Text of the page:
New Report Shows Craft Beer Industry Still Growing

a single glass of black velvet at the bar.
a single glass of black velvet at the bar.

Good news for established craft breweries and aspiring brewers alike: The craft industry is still growing.

This good news comes from data provided by Brewer's Association, the not-for-profit trade association and craft brew advocate. It recently released its mid-year data along with optimistic statements from Bart Wilson, the chief economist.

Key Information About The Craft Beer Industry

Notable figures from the data release include:

  • 8% - increase in craft beer production volume (January through June 2016)
  • 917 - new craft breweries
  • 2,200 - craft breweries in the planning stages
  • 121,843 - people employed (full or part time) by the industry

Like the statistics shared above, Wilson's chosen remarks were positive and encouraging, reassuring brewers that "most [craft beer] markets are not near saturation."

Of course, the press release didn't cover all of the nuances of the ebb and flow, growth and change of the craft beer industry. For example, although production volume is up 8%, CNBC reports that figure is "down from the 16% reported for the same period last year."

Slower growth in production volume can be, in part, attributed to recent buyouts of various craft breweries. Once a craft brewery is bought out by a non-craft company, their production no longer counts as craft. Anheuser-Busch alone purchased 8 craft breweries since 2011, 5 of which were purchased since the beginning of 2015.

Even though more breweries have opened and overall production has increased, the volume lost from recently bought out breweries has a slightly muddying effect on both the data and its interpretation. If more and more breweries begin to fall under the umbrella of large, non-craft companies, will that begin to have a negative impact on the growth trajectory of the craft industry as a whole?

Another nuance to consider: In 2014, 64% of all U.S. craft beer was brewed in 10 states. The overall market has not reached its saturation point, but there are a number of hotspots where craft brewing has become so popular that it's become increasingly difficult for new breweries to find their foothold in the local market.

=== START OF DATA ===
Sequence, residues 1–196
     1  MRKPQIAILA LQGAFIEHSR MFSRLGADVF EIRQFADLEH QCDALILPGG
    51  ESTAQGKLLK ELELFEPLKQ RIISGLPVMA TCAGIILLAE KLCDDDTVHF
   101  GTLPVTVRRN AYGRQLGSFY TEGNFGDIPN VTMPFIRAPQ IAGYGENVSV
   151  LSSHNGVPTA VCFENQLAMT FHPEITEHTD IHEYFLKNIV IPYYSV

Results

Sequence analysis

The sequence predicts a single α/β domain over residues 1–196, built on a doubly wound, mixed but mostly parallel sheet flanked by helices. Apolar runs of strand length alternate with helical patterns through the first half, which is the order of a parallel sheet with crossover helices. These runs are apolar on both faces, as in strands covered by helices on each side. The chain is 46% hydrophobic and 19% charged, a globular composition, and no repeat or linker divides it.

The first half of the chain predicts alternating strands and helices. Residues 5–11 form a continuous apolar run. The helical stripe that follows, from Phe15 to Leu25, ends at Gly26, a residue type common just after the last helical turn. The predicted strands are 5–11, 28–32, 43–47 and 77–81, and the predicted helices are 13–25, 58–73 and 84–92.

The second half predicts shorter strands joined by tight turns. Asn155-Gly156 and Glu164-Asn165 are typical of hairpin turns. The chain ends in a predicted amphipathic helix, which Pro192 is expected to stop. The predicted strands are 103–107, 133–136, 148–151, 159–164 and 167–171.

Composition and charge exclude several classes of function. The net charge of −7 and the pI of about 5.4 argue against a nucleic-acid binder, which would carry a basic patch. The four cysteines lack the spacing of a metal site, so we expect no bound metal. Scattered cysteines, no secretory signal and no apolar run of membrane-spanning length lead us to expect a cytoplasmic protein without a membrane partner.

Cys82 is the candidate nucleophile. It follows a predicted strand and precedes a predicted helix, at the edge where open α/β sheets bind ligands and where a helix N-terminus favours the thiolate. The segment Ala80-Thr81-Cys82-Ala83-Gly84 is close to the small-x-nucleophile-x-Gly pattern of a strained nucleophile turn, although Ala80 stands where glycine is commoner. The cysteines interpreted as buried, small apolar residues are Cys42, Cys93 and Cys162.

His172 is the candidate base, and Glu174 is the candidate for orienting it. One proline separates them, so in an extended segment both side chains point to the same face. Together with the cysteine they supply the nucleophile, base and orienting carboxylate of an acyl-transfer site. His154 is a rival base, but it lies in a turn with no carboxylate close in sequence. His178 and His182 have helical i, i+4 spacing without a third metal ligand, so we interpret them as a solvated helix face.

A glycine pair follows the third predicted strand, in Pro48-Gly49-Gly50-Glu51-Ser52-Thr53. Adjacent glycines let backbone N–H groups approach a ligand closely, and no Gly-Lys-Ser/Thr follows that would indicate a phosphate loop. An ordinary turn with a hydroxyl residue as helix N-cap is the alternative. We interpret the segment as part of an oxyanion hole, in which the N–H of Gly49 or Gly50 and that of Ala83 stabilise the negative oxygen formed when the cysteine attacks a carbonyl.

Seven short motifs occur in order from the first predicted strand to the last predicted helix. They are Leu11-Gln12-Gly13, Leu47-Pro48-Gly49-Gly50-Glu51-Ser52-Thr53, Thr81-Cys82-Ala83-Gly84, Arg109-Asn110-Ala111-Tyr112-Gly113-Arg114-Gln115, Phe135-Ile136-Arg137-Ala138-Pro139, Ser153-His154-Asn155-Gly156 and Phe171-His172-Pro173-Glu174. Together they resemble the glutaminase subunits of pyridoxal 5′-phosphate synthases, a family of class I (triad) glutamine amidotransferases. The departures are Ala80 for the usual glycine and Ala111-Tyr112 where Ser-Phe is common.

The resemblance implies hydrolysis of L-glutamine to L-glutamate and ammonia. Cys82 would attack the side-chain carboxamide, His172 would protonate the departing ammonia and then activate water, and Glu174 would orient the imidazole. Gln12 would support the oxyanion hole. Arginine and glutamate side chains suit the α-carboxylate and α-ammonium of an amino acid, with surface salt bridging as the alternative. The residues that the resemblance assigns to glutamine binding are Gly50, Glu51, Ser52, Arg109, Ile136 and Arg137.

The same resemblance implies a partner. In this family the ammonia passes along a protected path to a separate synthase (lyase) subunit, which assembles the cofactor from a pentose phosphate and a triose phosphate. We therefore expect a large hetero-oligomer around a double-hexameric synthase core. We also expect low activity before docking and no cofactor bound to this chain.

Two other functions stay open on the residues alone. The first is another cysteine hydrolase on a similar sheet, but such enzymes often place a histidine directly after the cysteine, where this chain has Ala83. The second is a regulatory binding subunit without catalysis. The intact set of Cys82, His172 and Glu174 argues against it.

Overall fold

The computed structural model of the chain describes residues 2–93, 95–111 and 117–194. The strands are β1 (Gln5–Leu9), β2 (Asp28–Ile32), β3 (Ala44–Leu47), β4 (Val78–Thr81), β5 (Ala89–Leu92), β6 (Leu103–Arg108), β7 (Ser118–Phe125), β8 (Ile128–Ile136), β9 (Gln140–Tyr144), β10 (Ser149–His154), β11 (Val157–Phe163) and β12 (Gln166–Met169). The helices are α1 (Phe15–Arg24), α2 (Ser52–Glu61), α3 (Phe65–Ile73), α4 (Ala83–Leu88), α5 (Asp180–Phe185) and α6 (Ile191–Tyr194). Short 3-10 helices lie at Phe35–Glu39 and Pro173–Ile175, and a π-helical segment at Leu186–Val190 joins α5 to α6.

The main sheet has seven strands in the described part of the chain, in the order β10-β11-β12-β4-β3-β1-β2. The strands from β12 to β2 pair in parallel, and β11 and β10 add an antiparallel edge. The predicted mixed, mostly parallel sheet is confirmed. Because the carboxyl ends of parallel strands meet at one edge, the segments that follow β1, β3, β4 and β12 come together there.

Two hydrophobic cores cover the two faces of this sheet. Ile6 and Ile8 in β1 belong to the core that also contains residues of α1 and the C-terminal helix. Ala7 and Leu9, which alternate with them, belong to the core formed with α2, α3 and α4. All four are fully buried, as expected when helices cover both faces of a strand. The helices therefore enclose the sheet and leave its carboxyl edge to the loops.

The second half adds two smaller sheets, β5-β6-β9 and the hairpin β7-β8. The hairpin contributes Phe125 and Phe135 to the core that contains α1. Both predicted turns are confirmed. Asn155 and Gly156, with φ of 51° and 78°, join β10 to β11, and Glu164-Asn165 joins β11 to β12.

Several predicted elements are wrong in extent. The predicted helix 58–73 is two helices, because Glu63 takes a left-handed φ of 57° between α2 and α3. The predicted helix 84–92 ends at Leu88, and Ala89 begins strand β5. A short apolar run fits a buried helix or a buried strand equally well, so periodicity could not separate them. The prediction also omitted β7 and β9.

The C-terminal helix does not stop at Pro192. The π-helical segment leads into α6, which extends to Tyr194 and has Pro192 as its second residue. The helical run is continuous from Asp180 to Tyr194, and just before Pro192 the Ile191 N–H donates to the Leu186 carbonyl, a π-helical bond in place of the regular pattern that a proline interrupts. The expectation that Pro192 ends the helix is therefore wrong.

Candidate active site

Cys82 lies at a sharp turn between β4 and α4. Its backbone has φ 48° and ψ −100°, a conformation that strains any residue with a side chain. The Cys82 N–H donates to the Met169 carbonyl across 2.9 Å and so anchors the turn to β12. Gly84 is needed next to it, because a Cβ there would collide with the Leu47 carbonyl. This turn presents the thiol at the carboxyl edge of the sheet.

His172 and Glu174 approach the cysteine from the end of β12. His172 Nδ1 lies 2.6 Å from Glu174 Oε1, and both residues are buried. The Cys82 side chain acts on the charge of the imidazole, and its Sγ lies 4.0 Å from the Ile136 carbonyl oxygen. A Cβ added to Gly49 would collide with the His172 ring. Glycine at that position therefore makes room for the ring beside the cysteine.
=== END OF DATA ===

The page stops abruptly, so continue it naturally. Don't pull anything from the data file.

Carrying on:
That's not to say that craft brewing hopefuls have no chance, but aspiring brewers might be wise to consider starting up in one of the other 40 states instead. Provided interest in craft brews continues to grow (or holds steady), opportunities are available to corner the market in the many areas of the country not currently overrun with craft breweries.

New Trend Sparks Debate Among Brewing Businesses

Aspiring brewers may also wish to take note of a growing trend: contract brewing. Rather than building their own facility to begin production, many new craft brewers are hiring contract brewers to produce their recipes for them. While this certainly speeds up the process, it does bring a certain amount of judgment and skepticism from craft brewing purists: If someone else is producing your beer, can it really be considered craft?

Additionally, brewery owners and operators can learn a variety of helpful skills by investing the time to and money to brew their beer themselves. For example, learning how to use certain kinds of machinery would be something you missed out on if you were outsourcing your brewing. How can you grow your business if you don't understand the ins-and-outs of basics like the role of air compressors, brewing vessels, etc. in the process?

Nuance and skepticism, buyouts and competitive hotspots aside, the data provides an overall positive picture of the industry's growth.

Production is increasing, new jobs are being created and the industry is having a positive effect on the U.S. economy. It seems as if there is still plenty of room for eager entrepreneurs and craft enthusiasts to take their own place in the industry.